Provincial Council Election Ballots in Sri Lanka

Elections are done a bit differently here. No surprise there. But there was a surprise – to me – when Fahim’s election ballot arrived in the mail. Election ballots being mailed out I’m not used to.

Election ballots that are very nearly bigger than humans I’m even less used to.

Here’s my understanding of how the elections process works. I think I’ve got it straight, but if I make any mistakes, please feel free to correct me. 😀

The ballot is organized by party, and all members of a party are listed under that party. Each party can have a maximum of 42 candidates (I believe).

A voter can select 6 (I don’t know if this is the exact number or an example that Fahim used) candidates to vote for, but they must all be from the same party. No voting across party lines.

When the votes are counted, they count towards the party first. Each party is allocated a number of seats based on the percentage of votes they receive. Then their candidates win those seats based on having received the top number of votes in that party.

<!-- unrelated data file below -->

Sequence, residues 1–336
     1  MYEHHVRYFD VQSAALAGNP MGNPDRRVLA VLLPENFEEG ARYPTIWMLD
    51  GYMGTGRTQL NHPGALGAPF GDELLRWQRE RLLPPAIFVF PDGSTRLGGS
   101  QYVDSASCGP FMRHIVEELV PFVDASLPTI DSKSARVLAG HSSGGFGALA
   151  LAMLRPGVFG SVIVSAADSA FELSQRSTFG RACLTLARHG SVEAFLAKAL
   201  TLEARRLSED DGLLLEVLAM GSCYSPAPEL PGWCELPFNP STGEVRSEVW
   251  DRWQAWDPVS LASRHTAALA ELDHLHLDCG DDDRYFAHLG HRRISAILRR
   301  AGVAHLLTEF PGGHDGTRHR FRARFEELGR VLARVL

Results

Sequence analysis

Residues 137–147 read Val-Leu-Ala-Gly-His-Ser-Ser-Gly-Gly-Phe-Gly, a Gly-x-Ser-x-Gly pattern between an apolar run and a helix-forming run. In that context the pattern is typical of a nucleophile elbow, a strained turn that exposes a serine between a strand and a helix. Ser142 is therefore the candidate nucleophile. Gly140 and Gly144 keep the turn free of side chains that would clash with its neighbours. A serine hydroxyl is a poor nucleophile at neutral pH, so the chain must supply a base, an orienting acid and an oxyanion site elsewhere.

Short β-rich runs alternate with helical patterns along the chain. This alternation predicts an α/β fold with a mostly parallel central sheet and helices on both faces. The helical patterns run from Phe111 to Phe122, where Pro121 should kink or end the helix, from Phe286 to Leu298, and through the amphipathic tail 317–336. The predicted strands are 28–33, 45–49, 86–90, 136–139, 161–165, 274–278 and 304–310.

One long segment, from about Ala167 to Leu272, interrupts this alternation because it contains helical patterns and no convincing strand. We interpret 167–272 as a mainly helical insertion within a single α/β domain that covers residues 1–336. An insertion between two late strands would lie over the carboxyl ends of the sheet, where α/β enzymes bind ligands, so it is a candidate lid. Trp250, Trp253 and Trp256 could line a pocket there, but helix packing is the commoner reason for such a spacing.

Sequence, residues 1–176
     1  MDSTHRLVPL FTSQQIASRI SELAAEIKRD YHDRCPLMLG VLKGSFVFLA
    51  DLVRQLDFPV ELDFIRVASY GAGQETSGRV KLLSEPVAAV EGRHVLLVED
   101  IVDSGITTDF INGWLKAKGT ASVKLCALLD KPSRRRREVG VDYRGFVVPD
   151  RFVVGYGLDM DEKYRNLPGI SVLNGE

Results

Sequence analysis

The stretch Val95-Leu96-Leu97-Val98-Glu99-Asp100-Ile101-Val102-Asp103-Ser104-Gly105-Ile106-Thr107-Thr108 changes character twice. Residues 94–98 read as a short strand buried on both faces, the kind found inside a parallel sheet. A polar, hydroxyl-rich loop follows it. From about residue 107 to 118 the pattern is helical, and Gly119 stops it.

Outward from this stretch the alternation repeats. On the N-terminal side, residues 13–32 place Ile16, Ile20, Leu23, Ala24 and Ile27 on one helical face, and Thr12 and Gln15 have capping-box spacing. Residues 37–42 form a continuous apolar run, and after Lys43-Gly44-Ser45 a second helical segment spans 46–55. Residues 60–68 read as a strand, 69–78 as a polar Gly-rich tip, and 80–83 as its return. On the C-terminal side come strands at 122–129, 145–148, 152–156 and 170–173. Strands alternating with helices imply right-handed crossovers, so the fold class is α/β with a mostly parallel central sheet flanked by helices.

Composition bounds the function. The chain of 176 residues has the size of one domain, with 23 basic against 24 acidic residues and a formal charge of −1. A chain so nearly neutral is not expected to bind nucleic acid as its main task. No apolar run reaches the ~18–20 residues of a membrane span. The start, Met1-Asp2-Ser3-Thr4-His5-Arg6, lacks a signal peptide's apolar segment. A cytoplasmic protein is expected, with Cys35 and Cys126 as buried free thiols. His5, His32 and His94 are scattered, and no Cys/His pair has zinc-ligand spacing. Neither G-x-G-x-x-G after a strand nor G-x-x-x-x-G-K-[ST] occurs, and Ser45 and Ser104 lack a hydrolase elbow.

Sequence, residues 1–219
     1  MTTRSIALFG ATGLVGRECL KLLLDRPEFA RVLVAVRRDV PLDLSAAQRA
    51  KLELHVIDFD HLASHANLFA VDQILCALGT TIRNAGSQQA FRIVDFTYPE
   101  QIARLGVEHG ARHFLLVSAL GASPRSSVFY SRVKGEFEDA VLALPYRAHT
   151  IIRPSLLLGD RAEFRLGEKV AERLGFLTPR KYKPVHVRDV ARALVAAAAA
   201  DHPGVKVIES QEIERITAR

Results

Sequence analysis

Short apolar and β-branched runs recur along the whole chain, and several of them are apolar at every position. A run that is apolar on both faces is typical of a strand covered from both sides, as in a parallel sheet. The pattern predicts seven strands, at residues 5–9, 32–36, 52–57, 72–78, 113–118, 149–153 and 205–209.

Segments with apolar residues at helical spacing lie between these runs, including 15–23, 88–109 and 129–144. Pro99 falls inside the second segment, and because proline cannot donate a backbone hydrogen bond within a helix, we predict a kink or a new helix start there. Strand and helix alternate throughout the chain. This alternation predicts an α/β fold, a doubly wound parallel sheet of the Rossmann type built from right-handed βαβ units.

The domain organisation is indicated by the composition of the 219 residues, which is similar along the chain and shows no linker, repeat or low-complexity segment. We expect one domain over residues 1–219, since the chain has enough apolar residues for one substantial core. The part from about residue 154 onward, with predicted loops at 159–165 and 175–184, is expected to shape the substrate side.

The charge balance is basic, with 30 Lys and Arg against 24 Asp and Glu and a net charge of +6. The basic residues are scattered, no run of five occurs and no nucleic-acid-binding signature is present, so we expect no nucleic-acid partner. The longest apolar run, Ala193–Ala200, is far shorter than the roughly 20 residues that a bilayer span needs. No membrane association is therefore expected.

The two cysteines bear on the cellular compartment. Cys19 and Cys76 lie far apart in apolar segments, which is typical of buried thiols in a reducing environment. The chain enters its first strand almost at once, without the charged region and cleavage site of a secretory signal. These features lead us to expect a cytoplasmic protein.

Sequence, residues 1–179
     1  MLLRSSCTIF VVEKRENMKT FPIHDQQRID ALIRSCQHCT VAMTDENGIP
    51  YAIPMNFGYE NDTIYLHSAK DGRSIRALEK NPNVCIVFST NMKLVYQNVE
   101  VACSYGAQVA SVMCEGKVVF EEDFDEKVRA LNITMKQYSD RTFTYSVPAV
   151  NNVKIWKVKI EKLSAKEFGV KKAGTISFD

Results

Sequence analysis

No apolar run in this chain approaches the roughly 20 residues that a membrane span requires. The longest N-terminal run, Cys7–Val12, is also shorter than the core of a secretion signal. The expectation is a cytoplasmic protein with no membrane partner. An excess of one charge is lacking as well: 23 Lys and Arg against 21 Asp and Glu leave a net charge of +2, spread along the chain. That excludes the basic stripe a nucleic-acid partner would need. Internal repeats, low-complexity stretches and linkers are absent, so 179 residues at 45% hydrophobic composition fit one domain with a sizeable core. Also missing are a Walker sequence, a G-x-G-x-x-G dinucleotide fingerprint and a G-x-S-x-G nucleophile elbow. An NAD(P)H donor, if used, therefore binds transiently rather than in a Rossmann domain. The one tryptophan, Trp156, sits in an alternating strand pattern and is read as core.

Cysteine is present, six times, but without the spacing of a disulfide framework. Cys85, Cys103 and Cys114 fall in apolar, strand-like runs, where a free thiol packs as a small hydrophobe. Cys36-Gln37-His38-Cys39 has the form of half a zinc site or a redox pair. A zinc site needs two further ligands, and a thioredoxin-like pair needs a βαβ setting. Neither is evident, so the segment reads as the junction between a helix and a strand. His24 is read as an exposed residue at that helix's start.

My understanding is that when you vote, you don’t vote for a candidate in your particular area. It seems like provincial councils are not divided at all into constituencies. Everyone is lumped together.

Oh, yeah. And, you know, all voting is done in Sinhala or Tamil. No English. If you don’t read Sinhala or Tamil, you’ll have to get a translator. Not a huge problem – the vast majority of people here read & write either Sinhala or Tamil. English-only locals are extremely rare.

Author: LMAshton

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